Court hearing for fly-tipping
PUBLISHED: 12:01 30 March 2006 | UPDATED: 14:38 12 May 2010
BUILDERS' waste ended up being fly-tipped on the edge of Melbourn after two casual workers were left to take it to a tip. The man who left them to do the job was Daren Paul David Coventon, who admitted contravening the Environment Protection Act 1990 when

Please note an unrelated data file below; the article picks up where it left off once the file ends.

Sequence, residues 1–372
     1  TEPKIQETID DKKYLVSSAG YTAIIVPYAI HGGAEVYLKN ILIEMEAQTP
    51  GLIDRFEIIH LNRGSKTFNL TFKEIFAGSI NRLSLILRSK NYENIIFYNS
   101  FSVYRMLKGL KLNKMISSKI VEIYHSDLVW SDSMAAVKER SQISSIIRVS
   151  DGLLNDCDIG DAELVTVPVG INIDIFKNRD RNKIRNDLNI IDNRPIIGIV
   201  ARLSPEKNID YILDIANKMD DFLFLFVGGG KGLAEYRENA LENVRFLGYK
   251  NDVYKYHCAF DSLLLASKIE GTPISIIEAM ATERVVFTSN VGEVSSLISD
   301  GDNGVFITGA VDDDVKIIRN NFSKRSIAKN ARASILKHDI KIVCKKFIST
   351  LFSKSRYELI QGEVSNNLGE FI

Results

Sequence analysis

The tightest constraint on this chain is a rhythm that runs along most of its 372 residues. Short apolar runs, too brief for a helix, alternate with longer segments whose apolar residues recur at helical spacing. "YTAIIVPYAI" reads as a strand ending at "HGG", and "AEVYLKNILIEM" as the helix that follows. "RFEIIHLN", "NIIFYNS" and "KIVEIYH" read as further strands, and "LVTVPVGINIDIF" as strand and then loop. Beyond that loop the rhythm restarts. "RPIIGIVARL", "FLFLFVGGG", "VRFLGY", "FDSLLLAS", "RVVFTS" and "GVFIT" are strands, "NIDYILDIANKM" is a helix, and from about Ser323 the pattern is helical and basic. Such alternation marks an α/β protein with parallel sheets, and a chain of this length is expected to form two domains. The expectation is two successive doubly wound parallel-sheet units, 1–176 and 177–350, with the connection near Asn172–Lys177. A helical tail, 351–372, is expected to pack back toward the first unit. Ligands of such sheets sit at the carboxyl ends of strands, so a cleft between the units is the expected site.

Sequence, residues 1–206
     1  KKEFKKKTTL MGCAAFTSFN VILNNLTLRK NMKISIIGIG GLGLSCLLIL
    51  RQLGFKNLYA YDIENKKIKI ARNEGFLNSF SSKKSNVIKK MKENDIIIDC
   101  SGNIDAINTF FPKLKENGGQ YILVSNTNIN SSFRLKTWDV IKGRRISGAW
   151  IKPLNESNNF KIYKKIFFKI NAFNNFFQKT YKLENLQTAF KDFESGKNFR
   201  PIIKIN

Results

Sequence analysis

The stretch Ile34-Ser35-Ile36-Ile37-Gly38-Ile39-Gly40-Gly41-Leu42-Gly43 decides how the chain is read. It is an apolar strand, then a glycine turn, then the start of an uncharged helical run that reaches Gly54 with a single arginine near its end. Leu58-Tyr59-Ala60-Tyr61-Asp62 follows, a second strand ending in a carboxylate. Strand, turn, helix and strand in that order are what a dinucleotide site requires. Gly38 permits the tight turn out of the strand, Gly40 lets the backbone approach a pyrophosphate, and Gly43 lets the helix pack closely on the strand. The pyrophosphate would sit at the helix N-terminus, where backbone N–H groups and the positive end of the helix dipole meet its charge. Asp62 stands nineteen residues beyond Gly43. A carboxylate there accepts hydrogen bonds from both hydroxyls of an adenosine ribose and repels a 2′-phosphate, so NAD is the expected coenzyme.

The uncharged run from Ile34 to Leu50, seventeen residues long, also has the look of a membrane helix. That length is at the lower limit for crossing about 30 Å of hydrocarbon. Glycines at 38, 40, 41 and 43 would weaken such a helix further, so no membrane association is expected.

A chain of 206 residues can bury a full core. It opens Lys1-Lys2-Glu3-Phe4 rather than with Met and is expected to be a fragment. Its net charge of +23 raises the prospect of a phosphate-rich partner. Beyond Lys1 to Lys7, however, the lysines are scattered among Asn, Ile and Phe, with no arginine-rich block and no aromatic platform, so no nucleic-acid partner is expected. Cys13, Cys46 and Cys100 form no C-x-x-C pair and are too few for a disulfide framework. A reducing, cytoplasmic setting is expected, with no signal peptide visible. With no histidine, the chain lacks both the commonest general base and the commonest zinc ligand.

BUILDERS' waste ended up being fly-tipped on the edge of Melbourn after two casual workers were left to take it to a tip. The man who left them to do the job was Daren Paul David Coventon, who admitted contravening the Environment Protection Act 1990 when he appeared at Ely Magistrates' Court. Magistrates were told that as the man in charge of the waste he had a duty of care to ensure that it was taken to a proper place for disposal, that he filled in the right paperwork, and that he gave it to a registered person for disposal. The pile of builders' waste was discovered on a track, London Way, and in among it was a letter with an address in London. The householder confirmed that he had had building work done and gave the name of the contractor. The contractor confirmed from photographs that it was the same rubbish, but said he had given it to Coventon. Coventon, of Granville Road, Luton, told magistrates he had borrowed a van from the contractor to remove some grass waste and the builders' rubbish was already in the vehicle. He left two casual workers he employed at his vehicle paint shop in Luton to take it to a local tip and gave them directions to the site, but gave them no money to dispose of it. The site would not have been able to take building waste as it was for household waste only, but anywhere that did would have charged about £40 per tonne and there was no more than three tonnes, magistrates were told. The case was brought by the Environment Agency, but was investigated in partnership with Chris Bradley, an enforcement officer with South Cambridgeshire District Council. The hearing was adjourned for reports until April 25 when Coventon will be sentenced. After the hearing Environment Agency David Block said: "Fly-tipping blights the Cambridgeshire countryside. I consider it a matter of principle that a prosecution is brought for all offences that lead to illegal dumping of waste. "Both the agency and the district council endeavour to bring those who threaten the quality of our environment to justice.
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